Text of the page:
Not by any means a fantastical story or even a unique one, This is Where I Leave You, works not in spite of those facts but because of them. A film based on the novel of the same name and directed by Shawn Levy (A Night at the Museum movie series) is the right story at the right time. Hitting theaters after the blockbuster summer fest is a well written, smart, funny, and heartwarming story about where lives intersect and what happens when they do. Starring Jason Bateman as Judd Altman, a middle child of four who works as a radio show producer. Due to the death of his father he is forced to go back to his hometown and deal with the fallout. The cast of characters that make up the Altman family is a cornucopia of hilarity, sincerity, and unflinching sadness at times. Hillary (Jane Fonda), the matriarch, welcomes her son back home along with his three siblings Wendy (Tina Fey), Phillip (Adam Driver), and Paul (Corey Stoll). The dysfunctional dynamics between the five characters becomes apparent rather quickly. Hillary is a retired therapist who has used her children as some sort of case study for decades and their emotional distance from her is prominent. All four children and their significant others have some level of distress happening to them. From failing marriages to an inability to conceive children the movie runs the gamut. There is some personal relationship that you can either relate to directly or at a minimum have the ability to empathize. Due to the dying request of their father, the five are forced to partake in the Jewish tradition of “Shiva.” This is a mourning ritual that demands all five family members stay in the house and meet friends and family who stop by to pay their respects to their father. This of course creates immediate conflict between the "hard ass" brother, the “play it safe” brother, the “smart ass” sister, and the perpetual "screw up" youngest son.
What works for This is Where I Leave You most is its ability to switch from the sometime juvenile comedic moments to the gut wrenching dramatic scenes with relative ease. Its never feels awkward but rather familiar. As a viewer you might catch yourself very wrapped up in the intersecting story lines that seem more like normal family gossip than a detached movie scenario. Each of the siblings are flawed and you root for them all at one point or another. Very few things are cut and dry as is par for the course in films like these. I don’t want to give away too much of the story but this is one of the better character driven stories I have seen in a while. Characters have definitive arcs that bring things to a point of conclusion. Its not all happiness and rainbows, but just a level of human understanding and growth. This is Where I Leave You is a personal story. The characters get bumped and bruised and do their fair share of dishing it out. No one is clean and perfect hero, but rather flawed by the lives that they have led.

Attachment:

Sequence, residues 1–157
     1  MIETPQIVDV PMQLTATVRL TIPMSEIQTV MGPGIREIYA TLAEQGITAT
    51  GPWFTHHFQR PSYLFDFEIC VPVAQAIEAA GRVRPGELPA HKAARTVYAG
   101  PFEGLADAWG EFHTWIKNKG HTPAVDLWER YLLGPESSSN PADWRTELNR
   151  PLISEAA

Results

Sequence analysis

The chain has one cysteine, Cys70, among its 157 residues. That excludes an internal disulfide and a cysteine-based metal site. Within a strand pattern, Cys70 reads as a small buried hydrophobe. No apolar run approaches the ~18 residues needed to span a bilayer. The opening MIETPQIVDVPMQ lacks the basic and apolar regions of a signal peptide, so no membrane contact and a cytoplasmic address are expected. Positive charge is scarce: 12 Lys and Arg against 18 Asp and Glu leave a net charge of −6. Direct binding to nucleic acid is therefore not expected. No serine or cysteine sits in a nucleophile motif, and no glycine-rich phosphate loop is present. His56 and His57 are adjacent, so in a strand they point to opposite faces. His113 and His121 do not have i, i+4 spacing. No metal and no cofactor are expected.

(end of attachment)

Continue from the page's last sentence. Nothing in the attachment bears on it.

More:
The performances were individually more than satisfying for this type of story. However, with this being an ensemble cast the considerable heavy lifting happened when the mother and siblings lives intersect. Adam Driver as the perpetual screw up giving at advice to his sister, Tina Fey, is a particularly touching moment. Lines like “...you raised me, you are the voice in my head” allow you to glean the characters' relationships underneath it all. Jason Bateman steers the ship with his everyman ways and spot on comedic timing. He was a pitch perfect casting choice here. Corey Stoll does a wonderful job as the staunch older brother who approves of nothing his siblings are doing. He is riddled with insecurity and guilt about his current life and he shows it in subtle, yet effective, ways. Last but certainly not least, Jane Fonda as the mother and general instigator to all this family drama. Fonda, works because she keeps and emotional distance from her children but in the right moments she is in fact the most vulnerable. A great performance with perfect mix of comedy, culpability, and a dash of mother’s guilt. This is Where I Leave You was a movie that threw a lot of balls into the air but managed to keep track of them all and deliver a great post summer blockbuster experience.
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